NIK about organisation of teachers’ work in state schools – part 1

When asked about what makes it the most difficult to apply the traditional teaching model, most teachers answered that it is the diversified level of students’ knowledge and skills as well as too big classes. Such problems are reported by nearly half of participants of NIK’s questionnaire. As much as 77% of respondents claimed that their work could be improved by raising the prestige of the teaching profession. Over 40% of respondents stated that there should be more teaching aids in classrooms.

In the audited period, subsequent ministers changed the provisions of law to improve  the work of teachers and their financial standing (gradual pay rise and a benefit for class teachers), as well as to ensure better functioning of extra classes in schools (the Ministry did not monitor their consequences) and to facilitate the organisation of remote learning due to the COVID-19 pandemic.

It is the first time NIK took the organisation and time of teachers’ work under the microscope. The audit covered the Ministry of National Education (on 1 January 2021, renamed to the Ministry of Education and Science, as well as 20 state schools. Other 86 schools were audited, at NIK’s request, by chief education officers. Over 5 thousand school principals and nearly 25.5 thousand general-education teachers took part in NIK’s questionnaire.

Teachers in numbers

In 2018, state schools run by local government units (except for special schools, post-secondary schools and preschool departments in schools) hired about 320 thousand general-education teachers. In 2019, since a lot of them retired, that figure dropped to about 308 thousand. In 2020, it went up again to over 321 thousand, due to the education reform and prolonged education in secondary schools.

Nearly half of school principals who took part in NIK’s questionnaire, declared problems with hiring qualified employees in school year 2018/2019 and 2020/2021. It was the most difficult to hire teachers in physics (33%) and mathematics (32%), as well as chemistry (24%), English (20%) and IT (18%). Usually school principals solved that issue on their own by allocating overtime work to other teachers or posting job ads.

Data in the Educational Information System shows that overtime work was allocated to over 73% of teachers in the audited period, whereas 11% of them worked in more than one school (according to the questionnaire declarations it was 24%).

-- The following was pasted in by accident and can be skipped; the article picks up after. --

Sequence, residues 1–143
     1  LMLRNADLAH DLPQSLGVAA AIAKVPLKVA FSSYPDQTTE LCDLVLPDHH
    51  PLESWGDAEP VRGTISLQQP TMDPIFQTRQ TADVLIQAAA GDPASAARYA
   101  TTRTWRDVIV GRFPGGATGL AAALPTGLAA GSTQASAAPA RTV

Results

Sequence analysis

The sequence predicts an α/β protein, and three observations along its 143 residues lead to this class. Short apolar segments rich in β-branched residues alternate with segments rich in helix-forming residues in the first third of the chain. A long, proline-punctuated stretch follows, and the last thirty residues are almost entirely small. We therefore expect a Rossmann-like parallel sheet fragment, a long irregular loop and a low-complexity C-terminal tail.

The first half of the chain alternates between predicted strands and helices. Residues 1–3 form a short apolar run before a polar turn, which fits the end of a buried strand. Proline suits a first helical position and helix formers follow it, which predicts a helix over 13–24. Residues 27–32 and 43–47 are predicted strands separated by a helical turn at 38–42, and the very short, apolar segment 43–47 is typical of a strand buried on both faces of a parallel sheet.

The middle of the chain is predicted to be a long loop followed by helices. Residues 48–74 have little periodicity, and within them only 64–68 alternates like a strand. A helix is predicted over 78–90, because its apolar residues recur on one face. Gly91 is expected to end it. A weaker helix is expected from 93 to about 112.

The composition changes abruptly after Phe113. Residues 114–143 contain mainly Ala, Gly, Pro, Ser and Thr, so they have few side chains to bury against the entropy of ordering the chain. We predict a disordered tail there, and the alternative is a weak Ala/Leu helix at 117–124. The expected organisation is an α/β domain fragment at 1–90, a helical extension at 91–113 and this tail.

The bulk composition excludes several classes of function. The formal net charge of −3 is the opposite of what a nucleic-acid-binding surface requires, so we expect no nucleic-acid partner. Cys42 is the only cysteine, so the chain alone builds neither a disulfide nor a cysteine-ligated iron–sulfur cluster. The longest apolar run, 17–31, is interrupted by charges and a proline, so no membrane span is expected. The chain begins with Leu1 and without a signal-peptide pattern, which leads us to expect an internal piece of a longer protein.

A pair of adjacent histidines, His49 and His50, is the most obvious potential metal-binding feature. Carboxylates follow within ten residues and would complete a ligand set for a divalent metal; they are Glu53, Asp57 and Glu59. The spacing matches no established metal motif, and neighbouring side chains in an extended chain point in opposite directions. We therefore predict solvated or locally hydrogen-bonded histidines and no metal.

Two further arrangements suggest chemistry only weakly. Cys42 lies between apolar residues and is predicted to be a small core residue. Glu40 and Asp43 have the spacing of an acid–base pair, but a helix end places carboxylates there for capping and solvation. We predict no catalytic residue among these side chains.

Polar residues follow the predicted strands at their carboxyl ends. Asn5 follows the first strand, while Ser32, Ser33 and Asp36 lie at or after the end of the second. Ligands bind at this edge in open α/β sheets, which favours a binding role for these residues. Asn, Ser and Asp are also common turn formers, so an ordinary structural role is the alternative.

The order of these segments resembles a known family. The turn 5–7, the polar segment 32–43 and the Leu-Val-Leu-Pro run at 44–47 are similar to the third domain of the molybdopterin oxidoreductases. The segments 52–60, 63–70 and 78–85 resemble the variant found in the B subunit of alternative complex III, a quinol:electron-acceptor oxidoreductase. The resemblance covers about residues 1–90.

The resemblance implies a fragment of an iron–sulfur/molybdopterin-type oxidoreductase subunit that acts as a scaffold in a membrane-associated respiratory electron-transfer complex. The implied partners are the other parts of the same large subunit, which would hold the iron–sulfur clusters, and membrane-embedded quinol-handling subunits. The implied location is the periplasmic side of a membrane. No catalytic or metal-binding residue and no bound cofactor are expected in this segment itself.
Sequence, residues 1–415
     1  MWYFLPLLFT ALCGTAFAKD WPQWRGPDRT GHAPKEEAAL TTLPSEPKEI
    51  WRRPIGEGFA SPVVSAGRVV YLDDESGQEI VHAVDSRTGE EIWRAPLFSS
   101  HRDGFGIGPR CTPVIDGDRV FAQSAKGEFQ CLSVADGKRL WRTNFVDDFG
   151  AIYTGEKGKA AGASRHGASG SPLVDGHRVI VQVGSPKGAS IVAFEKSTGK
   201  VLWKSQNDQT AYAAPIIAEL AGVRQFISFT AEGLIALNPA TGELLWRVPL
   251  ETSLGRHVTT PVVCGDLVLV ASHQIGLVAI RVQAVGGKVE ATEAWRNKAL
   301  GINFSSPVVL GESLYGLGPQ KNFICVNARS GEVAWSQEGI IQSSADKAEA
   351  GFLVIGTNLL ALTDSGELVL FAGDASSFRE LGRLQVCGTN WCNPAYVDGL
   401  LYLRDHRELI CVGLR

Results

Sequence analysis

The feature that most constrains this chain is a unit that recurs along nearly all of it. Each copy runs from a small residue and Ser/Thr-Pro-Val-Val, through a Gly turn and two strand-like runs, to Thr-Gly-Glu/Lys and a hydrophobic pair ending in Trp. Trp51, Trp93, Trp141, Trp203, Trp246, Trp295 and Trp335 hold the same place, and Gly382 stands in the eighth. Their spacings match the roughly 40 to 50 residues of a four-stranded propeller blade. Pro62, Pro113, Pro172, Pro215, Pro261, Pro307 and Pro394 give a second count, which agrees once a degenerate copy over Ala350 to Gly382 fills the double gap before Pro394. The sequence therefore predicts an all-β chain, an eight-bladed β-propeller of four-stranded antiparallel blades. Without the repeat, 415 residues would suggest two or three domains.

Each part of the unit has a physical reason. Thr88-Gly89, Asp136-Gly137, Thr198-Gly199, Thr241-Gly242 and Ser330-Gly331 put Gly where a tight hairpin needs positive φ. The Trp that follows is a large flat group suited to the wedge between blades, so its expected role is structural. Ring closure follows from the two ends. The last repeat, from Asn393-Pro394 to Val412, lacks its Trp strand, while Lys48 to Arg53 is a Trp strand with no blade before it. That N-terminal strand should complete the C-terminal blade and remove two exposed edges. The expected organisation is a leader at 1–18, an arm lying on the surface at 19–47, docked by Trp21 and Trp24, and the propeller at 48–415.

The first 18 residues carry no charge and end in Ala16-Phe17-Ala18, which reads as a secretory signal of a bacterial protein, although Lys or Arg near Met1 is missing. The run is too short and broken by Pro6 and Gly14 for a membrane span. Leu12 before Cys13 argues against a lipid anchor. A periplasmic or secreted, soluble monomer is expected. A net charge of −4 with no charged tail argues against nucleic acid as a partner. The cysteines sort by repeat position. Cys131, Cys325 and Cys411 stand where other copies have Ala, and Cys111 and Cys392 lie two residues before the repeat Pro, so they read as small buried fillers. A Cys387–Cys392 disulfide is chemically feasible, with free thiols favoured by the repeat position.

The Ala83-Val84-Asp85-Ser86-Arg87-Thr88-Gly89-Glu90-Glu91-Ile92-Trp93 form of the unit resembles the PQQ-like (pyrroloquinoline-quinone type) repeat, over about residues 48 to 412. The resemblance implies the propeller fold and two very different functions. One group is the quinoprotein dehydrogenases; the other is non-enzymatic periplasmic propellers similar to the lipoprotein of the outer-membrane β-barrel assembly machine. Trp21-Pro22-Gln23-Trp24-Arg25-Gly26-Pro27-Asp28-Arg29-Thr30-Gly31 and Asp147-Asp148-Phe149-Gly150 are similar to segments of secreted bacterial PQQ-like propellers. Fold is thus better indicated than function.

The audit revealed that – with one exception - the headcount of teachers (including overtime allocation capacity) was sufficient for the schools to discharge their statutory tasks in the audited period.

Teachers’ working time is not only about teaching load

Specific working time of teachers has sparked controversies for years. In case of full-time general-education teachers, only 18 of 40 hours per day are fully registered.

However, teachers’ working time is not only about work in the classroom. NIK’s questionnaire showed that as much as 82% of teachers spend most of the remaining 22 hours on preparing for classes as well as checking students’ assignments (68%) and keeping school documentation (32%).

Over 25 thousand teachers took part in NIK’s questionnaire. Only 10% of them declared working exactly 18 hours a week, whereas 12% - below the teaching load.

In line with the Teacher’s Charter, overtime work can be allocated only in special cases, exclusively for the purposes of covering the curriculum. Not more than 9 hours, upon the teacher’s consent. The said limits were exceeded in 4 of 20 schools.

In 2018, in a letter to the Chair of the National Education Section of NSZZ Solidarnosc (Solidarity Union), the Minister of Education recommended “cooperation to strengthen proper functioning of regulations about working time and assistance to teachers to whom they are not applied”. In response, the teachers’ Solidarity Union presented the Ministry with the list of 25 cases of potential labour law breaches. They signalled issues related to school principals urging teachers to conduct extra classes and ad hoc substitutions without being paid. The reports were verified by chief education officers but the Union was not informed about the results of their work.

The Ministry cooperated with the State Labour Inspectorate to a little extent to ensure compliance with the 40-hour week of teacher’s work. Besides, the Ministry did not analyse inspections made by the State Labour Inspectorate in this area.

Excess teaching load may have an adverse impact on the education process. Therefore, according to NIK, the Minister of Education should cooperate with other authorities entitled to control and supervise teachers’ work.

Classes not conducted and curriculum sections not covered

In the audited period, in 12 of 20 audited schools the number of conducted obligatory educational classes was lower than planned in the curriculum framework. Reasons provided by principals included the nationwide teachers’ strike, the situation caused by the COVID-19 pandemic or school trips. The inspection made by chief education officers at NIK’s request showed that within three years nearly half of schools (40 of 86) had problems with covering the planned curriculum. Despite the lower number of classes only in two schools covered by the NIK audit, teachers did not make the core curriculum in maths, physics and chemistry.